USAPEEC veterinary trade adviser Dr. John Clifford provides his take on the top biosecurity, pathogen challenges for animal feed producers
In 2020, the COVID-19 pandemic taught the common citizen a lot about basic biosecurity measures and disease transfer — many lessons which are common practice and knowledge to animal agriculture stakeholders. However, despite the best efforts of global animal feed producers, the threat of feed as a fomite for transmitting animal disease remains a constant challenge. In recent years, the devastating losses due to poultry and livestock diseases, such as African swine fever (ASF), porcine epidemic diarrhea virus (PEDv) and avian influenza, have made headlines, but what can feed producers do moving forward to keep their products and facilities safe?
Dr. John Clifford, veterinary trade adviser for the USA Poultry and Egg Export Council, dialed in to Feed Strategy Chat to discuss what he feels are the main disease threats to animal feed production in 2021 and reflected on his main takeaways from the five-part “animal feed as a fomite for pathogens” Anitox webinar series he hosted this year.
Video transcript: Interview with Dr. John Clifford
Jackie Roembke, editor, Feed Strategy: Hello everyone and welcome to Feed Strategy Chat. I am your host, Jackie Roembke, editor of Feed Strategy magazine.
This edition of Feed Strategy Chat is brought to you by Anitox, a global leader in feed additives for improving feed safety and animal health. Anitox stands ready — as it has done for more than 40 years — to partner with the world’s leading food producers to ensure their feed is free from contamination, right up to the point of consumption. For more information about Anitox, visit www.anitox.com.
Today, we are joined on Zoom by Dr. John Clifford, the veterinary trade adviser for the USA Poultry and Egg Export Council and the host of a recent five-part webinar series exploring animal feed as a fomite for pathogens, presented by Feed Strategy and sponsored by Anitox.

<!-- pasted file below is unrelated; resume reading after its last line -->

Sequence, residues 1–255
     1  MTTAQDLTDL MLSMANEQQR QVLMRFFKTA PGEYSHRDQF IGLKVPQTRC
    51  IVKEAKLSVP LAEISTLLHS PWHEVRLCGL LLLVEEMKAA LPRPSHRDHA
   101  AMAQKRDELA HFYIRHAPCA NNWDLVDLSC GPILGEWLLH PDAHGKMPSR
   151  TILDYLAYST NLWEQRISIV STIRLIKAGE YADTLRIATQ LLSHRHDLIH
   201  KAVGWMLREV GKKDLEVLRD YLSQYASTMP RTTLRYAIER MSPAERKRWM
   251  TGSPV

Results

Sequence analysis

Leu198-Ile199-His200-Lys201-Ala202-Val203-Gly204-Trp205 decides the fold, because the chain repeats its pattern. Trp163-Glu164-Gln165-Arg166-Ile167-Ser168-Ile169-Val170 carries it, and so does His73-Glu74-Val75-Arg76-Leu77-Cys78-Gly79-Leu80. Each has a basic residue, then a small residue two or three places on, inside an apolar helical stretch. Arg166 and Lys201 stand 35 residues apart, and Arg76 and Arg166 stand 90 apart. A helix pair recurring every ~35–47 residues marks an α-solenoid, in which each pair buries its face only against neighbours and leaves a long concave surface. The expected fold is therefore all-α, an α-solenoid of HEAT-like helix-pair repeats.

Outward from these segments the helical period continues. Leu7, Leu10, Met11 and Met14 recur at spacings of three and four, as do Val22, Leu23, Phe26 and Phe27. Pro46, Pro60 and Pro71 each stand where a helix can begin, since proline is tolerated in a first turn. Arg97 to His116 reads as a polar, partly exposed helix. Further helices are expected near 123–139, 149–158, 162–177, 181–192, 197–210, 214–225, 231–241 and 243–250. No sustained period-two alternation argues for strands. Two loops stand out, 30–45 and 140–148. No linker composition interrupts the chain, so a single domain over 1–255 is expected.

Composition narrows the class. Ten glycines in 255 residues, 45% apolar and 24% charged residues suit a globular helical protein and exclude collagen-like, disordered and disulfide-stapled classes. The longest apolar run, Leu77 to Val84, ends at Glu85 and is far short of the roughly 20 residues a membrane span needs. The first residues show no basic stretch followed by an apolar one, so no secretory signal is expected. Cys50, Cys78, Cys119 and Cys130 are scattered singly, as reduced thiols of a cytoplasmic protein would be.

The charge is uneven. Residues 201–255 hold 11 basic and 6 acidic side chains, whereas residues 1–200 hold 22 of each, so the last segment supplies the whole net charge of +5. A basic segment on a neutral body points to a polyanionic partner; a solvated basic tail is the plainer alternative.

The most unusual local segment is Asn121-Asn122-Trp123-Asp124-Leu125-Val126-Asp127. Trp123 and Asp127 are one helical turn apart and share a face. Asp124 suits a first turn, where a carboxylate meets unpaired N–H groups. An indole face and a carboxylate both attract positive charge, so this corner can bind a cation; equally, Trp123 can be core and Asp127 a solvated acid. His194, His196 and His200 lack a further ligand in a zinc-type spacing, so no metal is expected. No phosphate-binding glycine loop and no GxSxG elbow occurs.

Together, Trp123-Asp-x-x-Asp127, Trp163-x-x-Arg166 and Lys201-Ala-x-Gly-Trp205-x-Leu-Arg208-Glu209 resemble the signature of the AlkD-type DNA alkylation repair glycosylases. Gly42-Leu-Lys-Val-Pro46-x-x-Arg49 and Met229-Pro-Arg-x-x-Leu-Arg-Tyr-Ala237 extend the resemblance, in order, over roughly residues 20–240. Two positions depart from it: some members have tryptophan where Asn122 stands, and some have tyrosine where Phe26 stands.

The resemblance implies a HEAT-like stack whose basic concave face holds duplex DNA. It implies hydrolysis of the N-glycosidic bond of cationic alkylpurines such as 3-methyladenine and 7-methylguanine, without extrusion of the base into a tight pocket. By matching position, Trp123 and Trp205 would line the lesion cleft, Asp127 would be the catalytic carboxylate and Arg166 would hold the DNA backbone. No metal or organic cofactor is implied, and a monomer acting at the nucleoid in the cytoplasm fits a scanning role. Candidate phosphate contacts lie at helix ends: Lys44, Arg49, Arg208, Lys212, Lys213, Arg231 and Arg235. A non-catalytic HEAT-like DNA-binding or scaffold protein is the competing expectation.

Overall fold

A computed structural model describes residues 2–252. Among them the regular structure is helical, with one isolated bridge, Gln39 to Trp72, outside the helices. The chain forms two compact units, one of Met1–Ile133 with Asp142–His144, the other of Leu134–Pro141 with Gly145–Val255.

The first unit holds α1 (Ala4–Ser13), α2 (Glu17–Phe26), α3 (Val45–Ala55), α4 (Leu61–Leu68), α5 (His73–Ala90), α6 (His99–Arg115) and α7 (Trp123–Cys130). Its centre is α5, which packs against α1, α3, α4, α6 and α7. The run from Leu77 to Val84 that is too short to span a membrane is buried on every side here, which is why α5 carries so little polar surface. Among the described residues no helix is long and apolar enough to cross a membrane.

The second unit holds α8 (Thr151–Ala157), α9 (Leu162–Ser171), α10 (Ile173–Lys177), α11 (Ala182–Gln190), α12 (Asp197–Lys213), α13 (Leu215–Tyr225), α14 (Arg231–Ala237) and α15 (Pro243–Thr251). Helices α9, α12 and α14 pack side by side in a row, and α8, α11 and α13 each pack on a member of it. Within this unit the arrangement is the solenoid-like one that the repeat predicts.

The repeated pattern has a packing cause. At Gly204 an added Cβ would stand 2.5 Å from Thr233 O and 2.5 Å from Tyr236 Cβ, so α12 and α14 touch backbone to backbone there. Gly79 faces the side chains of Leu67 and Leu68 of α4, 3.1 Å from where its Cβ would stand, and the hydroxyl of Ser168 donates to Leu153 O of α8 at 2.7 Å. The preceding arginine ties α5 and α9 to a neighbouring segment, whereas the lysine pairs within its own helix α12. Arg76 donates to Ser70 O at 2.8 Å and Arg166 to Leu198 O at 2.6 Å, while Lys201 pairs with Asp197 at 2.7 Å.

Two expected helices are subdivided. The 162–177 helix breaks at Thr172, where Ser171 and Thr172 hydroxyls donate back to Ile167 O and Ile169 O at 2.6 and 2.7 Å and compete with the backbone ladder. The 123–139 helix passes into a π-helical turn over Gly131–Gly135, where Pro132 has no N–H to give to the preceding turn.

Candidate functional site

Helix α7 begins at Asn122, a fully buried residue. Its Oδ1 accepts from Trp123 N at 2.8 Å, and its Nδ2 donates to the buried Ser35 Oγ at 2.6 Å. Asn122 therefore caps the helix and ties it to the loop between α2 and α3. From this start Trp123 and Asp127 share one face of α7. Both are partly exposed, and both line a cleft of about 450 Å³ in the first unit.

How are you, Dr. Clifford?
Dr. John Clifford, veterinary trade adviser, USAPEEC: Good, Jackie, how are you today?
Roembke: I’m doing well. Thank you. Well, let’s get right into it. In your opinion, what do you identify as the main biosecurity challenges facing the global animal feed industry in 2021?
Clifford: Well, I think I would like to start answering this question by going a little bit back in history to when I was still the chief veterinary officer for the U.S. Department of Agriculture Animal and Plant Health Inspection Service’s veterinary services. At that time in 2013, we had a porcine epidemic diarrhea virus (PEDv) enter this country, which we know actually came from a Chinese origin. So that particular virus we felt came in through feed, although there was no proof of that. So that was one of the first things that really highlighted feed as a fomite for me — or a potential fomite. And then during the 2014-2015 outbreak of avian influenza, while we know the initial introduction wasn’t from feed in my inspections of farms and locations in Minnesota and Iowa, I saw feed sitting outdoors where ducks and geese were all over it and, basically, defecating on it, and which indicated to me another potential fomite for not just avian influenza, but things like Salmonella or other types of issues. So it really heightened my awareness of those issues and my concerns, and they followed me into my retirement as well and, and therefore Anitox’s requests for me to host that webinar series.
I would break down [the 2021 biosecurity challenges] in to two issues: the international component and the domestic component.
The international component has greater issues because of the types of diseases that transboundary diseases that can enter this country. They can be extremely devastating to the loss of livestock to diseases like African swine fever (ASF), foot-and-mouth disease, cholera, as well as diseases like PEDv or delta coronavirus in pigs.